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Every parent's worst nightmare

Barry and Margaret Mizen share their story of grief, faith and forgiveness following the murder of their 16-year-old son, Jimmy (first broadcast in May 2013).

30 minutes

Last on

Thu 13 Nov 2014 05:30

Further Information:

This week a chance to hear a programme which recently won the top prize for Best Long Form programme in The Jerusalem Awards 2014   

Six years years ago, Jimmy Mizen was queuing in a bakery close to his home in London when an unprovoked attack left him fatally wounded.   Within three minutes, he had bled to death in his brother’s arms.   It was the morning after his sixteenth birthday.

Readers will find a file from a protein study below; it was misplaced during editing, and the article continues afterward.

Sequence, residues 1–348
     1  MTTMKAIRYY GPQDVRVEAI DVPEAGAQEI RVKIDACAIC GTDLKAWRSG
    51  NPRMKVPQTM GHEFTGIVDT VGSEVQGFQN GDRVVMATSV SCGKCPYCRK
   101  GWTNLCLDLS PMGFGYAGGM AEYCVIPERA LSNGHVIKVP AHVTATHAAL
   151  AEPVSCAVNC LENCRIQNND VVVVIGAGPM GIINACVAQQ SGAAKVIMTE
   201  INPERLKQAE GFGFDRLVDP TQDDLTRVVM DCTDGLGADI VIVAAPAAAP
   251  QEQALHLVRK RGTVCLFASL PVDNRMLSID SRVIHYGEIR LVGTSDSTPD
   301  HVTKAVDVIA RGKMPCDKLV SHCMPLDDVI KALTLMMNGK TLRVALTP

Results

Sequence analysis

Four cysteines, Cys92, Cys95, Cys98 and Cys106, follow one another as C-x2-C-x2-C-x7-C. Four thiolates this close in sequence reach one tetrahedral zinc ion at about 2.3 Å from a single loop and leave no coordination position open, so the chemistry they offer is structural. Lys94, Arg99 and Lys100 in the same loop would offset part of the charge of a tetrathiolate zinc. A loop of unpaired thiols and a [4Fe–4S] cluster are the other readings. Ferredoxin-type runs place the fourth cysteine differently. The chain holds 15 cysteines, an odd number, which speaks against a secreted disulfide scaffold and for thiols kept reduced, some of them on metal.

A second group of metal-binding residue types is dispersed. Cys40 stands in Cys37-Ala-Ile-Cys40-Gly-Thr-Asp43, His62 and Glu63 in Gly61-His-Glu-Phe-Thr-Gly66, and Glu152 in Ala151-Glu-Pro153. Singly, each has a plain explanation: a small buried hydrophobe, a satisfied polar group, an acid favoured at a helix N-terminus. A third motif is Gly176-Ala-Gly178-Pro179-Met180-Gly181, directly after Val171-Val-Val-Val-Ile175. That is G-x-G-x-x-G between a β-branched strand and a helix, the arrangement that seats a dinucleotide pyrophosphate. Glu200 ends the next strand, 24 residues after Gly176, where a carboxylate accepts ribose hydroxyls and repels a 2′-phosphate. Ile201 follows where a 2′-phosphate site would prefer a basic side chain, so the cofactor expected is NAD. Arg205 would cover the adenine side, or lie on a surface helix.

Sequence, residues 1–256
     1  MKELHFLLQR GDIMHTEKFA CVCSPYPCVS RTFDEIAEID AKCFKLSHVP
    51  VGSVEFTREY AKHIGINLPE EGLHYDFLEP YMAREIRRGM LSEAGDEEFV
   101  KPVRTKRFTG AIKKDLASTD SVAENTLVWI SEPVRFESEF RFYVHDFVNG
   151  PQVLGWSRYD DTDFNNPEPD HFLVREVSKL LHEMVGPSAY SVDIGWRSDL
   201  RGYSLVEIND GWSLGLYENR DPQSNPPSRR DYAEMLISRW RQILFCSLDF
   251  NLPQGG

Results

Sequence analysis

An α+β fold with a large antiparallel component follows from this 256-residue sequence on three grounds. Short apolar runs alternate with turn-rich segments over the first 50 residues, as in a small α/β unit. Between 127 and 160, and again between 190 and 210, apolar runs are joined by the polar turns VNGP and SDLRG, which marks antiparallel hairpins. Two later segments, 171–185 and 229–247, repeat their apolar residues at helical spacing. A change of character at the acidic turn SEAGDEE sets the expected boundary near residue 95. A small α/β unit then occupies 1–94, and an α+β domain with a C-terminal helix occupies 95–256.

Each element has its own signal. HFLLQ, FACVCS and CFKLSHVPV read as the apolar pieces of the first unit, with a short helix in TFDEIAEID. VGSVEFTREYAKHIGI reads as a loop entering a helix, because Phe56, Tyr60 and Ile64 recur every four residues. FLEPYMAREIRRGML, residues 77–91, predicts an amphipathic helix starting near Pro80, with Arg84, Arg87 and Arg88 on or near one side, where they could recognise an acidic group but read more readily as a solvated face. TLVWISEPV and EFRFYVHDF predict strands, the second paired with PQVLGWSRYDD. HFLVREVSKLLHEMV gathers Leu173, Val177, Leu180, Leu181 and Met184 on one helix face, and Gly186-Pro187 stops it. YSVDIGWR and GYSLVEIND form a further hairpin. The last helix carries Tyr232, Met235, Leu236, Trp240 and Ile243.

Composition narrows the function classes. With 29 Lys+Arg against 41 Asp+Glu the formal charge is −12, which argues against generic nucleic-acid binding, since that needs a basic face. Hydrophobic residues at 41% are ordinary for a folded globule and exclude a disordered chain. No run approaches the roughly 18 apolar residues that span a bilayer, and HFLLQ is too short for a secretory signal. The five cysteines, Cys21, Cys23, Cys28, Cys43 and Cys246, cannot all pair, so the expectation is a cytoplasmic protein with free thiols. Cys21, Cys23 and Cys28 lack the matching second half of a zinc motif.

Jimmy was one of 29 teenagers to die violently in the city that year, and what marked out his death from many of the other tragedies was the response of his parents, Barry and Margaret.  

 ‘People keep asking me why I am not angry,’ said his mother soon afterwards. ‘I say it was anger that killed my son….There is too much anger in the world.’

In the years since, that reaction has led Barry and Margaret, committed Roman Catholics with eight other children, to a range of practical reconciliation and community projects through the Jimmy Mizen Foundation.  They visit schools, prisons and youth clubs to promote anger management and stress awareness, provide minibuses for charities in their area, and run the Café of Good Hope.

They tell their story in a book: ‘Jimmy: A legacy of peace’.  

 First broadcast May 2013.


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